The final challenge involved interpreting both NMR and IR chemical spectra of organic compounds.

Chemistry Jeopardy Playoff Rounds

The three highest placing teams spent the afternoon in a fast-paced buzzer competition based on National Science Bowl and Ocean Bowl rules. Bravo finished the morning second overall behind the team from UCLA. In the buzzer competition Bravo took a commanding lead over their first challenger Cal Lutheran from Thousand Oaks, CA whose team included one of their former classmates. In the final round they faced the team from UCLA, which included several current classmates of both Markos and Situ.

The Awards

The perpetual trophy goes home with our team.
The perpetual trophy went home with our team!

Bravo finished the day with a commanding lead over UCLA and First Place overall. They were awarded a “Perpetual Trophy” (a 6 L Erlenmeyer Flask mounted on a wooden base) that they will hold for one year and their names will appear on the trophy for future generations to see.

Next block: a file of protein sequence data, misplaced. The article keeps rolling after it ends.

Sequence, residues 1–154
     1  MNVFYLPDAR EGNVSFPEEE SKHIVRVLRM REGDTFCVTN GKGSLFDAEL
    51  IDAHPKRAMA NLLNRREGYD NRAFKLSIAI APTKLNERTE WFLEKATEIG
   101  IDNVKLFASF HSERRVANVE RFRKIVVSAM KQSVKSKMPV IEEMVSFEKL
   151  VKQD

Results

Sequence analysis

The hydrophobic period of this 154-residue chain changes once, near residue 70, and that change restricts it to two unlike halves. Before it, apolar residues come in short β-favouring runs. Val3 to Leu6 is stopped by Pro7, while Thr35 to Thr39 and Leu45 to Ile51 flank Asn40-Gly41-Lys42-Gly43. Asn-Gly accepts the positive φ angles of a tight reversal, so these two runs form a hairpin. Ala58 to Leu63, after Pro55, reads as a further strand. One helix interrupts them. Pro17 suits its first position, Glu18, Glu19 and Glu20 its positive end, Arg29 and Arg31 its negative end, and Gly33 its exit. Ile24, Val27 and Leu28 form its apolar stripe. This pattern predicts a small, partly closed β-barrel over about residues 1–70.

When asked about his students competing against college students Coach Michael Morgan responded: “What did we have to lose? If we came in last, we lost to a room full of college kids. If we won anything, we beat a room full of college kids.”

Testing the Waters

One big environmental problem that seems a little distant from the Prince of Peace ChemClub in Clinton, Iowa, is a large “dead zone” in the Gulf of Mexico, near New Orleans. The American Chemical Society (ACS) Illinois–Iowa Local Section gave a $100 grant to purchase testing materials to test creek and storm-drain water samples from the Clinton watershed for nitrates and phosphates. We wanted to know if Clinton is contributing nitrates and phosphates to the Gulf of Mexico “dead zone.”

Water samples for testing.
An assortment of water samples and recycled containers.